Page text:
It’s officially spoiler season for Magic: the Gathering’s new set, March of the Machine, and we’ve already got some hitters. The set’s story features the last desperate struggle of the planeswalkers to turn back the tide of Elesh Norn and her infinite hordes of Phyrexian death robots. It also features a reprint of a very cheeky monkey.
That’s right, Ragavan (opens in new tab) is coming to Magic the Gathering: Arena. As this set represents the climactic battle of all planes to push back the Phyrexians, it isn’t set in one particular place but instead across the entire Magic multiverse. And since we know that everyone’s favorite pilferer is the strongest hero in all of Kaladesh, it makes sense that he would make an appearance. His arrival in the Historic format is sure to cause a major commotion, with most folks thinking he’ll be banned on arrival or shortly thereafter, like he is in Legacy.
Ragavan is coming to #MTGArena with March of the Machines. What will happen to the stupid monkey in Historic?February 21, 2023
Ragavan isn’t the only hero answering the call to battle, however. Every booster will include a Multiverse Legend, a reprint that despite not being Standard legal will be a fun addition, especially in the draft format. March of the Machine also features some incredibly cool team-up cards, like Thalia riding the Gitrog Monster (opens in new tab), and Elspeth makes another appearance, this time as a planeswalking angel. She’s also got some spiffy pinstripe pants (opens in new tab) if you look really closely, picked up from her time as a flapper in New Capenna.
Battles are another new feature of the set, our first new card type since dungeons in 2021 with Dungeons & Dragons: Adventures in the Forgotten Realms. Battles are permanents you can play and then attack—it’s the first time you can attack your own permanent, WotC says. You also choose an opponent’s card to defend the battle, and it can block damage. If you are able to do enough damage to the battle, it flips and becomes another permanent under your control. WotC explains the system in more detail here (opens in new tab).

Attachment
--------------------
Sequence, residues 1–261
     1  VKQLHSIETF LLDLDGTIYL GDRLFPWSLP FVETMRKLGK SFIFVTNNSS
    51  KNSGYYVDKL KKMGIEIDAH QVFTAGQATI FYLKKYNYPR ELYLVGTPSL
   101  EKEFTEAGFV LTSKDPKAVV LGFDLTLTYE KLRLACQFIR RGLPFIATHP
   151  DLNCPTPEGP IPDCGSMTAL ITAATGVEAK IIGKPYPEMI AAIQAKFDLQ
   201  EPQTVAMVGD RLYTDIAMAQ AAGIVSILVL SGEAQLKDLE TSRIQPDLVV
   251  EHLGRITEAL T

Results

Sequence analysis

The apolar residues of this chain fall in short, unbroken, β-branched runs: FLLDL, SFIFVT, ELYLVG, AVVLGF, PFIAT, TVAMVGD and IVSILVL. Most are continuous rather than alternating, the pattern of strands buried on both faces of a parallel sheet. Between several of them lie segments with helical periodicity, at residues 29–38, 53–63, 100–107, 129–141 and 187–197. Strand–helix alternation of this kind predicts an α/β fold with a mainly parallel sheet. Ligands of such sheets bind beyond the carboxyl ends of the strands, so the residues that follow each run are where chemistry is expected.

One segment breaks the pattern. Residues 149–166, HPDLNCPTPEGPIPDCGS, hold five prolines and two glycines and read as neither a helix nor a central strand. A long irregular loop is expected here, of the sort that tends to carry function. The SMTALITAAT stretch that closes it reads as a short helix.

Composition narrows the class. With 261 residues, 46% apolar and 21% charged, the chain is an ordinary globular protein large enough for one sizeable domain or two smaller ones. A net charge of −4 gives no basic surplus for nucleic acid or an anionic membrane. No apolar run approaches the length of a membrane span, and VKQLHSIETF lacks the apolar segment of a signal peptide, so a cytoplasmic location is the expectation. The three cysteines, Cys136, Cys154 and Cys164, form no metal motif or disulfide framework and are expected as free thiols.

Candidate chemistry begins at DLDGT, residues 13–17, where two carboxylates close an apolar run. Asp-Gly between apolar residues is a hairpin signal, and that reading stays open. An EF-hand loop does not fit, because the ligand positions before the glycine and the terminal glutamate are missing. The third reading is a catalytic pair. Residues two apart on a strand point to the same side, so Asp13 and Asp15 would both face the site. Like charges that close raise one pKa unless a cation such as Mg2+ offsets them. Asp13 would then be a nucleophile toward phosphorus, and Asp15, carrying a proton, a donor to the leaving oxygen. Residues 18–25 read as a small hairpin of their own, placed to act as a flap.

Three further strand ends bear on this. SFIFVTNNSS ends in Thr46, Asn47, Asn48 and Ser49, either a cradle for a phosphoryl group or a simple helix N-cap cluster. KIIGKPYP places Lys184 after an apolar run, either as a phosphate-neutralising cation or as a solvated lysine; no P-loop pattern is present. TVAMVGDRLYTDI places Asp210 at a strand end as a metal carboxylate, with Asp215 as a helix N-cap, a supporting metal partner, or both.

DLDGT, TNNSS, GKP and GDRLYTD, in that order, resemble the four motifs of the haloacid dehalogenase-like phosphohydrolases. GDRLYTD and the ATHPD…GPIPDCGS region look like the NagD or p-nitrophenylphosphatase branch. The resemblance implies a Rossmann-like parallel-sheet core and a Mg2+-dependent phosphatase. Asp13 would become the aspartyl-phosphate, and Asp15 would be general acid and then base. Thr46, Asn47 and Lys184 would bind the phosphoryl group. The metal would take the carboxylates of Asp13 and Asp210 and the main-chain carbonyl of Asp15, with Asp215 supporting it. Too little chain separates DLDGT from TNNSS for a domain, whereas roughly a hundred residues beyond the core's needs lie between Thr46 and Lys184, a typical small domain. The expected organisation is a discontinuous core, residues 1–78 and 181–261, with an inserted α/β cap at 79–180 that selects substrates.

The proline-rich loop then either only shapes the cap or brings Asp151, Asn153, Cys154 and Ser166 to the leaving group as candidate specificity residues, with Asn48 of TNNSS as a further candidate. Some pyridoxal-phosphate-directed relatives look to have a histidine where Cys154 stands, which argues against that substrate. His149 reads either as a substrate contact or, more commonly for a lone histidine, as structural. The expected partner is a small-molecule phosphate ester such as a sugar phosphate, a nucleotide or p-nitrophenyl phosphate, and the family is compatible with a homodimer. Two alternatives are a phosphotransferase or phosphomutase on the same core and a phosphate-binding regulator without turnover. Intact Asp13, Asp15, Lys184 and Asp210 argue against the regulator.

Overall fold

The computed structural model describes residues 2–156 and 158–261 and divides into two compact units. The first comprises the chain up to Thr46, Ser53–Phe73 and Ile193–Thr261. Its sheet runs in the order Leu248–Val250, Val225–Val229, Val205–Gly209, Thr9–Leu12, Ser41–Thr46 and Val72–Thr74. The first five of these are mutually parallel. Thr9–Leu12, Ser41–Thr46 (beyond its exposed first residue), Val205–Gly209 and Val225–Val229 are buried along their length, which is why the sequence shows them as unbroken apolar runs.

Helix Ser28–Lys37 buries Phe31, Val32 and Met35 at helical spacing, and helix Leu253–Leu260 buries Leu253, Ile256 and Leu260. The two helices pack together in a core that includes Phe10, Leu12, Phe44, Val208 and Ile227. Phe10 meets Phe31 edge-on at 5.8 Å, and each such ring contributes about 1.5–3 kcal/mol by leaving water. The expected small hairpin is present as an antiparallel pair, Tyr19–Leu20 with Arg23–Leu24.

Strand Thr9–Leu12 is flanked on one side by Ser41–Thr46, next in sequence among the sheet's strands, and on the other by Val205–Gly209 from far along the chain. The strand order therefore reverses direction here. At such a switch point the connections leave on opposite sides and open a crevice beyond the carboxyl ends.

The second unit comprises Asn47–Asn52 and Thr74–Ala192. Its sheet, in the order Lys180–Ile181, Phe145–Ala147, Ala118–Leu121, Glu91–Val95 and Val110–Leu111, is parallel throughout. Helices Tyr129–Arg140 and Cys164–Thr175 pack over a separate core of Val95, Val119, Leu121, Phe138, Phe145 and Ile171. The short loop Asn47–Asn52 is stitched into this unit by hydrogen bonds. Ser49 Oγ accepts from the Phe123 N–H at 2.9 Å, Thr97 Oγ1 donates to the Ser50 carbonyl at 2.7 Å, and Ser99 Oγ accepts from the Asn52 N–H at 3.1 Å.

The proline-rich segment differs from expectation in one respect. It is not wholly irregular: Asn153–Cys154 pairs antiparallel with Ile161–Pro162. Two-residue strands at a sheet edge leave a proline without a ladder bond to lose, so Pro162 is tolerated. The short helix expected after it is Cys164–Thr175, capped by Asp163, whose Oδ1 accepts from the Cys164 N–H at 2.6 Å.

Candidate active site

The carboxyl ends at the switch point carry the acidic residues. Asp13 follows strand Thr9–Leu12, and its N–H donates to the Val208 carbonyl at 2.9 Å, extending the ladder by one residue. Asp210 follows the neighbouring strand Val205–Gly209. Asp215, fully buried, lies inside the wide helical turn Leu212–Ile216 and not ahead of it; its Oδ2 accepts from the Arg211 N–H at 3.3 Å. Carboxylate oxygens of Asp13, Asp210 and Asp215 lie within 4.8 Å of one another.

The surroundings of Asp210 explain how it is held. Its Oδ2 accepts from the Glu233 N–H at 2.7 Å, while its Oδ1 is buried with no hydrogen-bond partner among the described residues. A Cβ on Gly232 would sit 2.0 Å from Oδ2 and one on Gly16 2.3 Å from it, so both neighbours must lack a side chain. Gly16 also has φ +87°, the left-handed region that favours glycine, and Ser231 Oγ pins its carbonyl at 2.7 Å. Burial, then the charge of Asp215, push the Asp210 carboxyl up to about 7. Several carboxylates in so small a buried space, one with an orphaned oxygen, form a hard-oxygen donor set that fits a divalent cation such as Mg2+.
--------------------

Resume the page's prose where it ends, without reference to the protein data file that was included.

Magic had its first Pro Tour in over five years in February, and it was a triumphant return to form after years of disastrous rebrands and online-only premiere events due to the pandemic. It’ll be interesting to see if they can keep the momentum going, but things look promising. It’s also possible to qualify for the PT on Arena—in fact Reid Duke’s opponent in the finals, Benton Madsen, qualified for the tournament on his phone.
March of the Machine comes to Arena on April 18, and for the first time Wizards is doing a follow-up set, called March of the Machine: The Aftermath. A smaller, 50 card set that will be Standard legal, it comes out on May 12 and ties up some of the storylines of this massive conflict.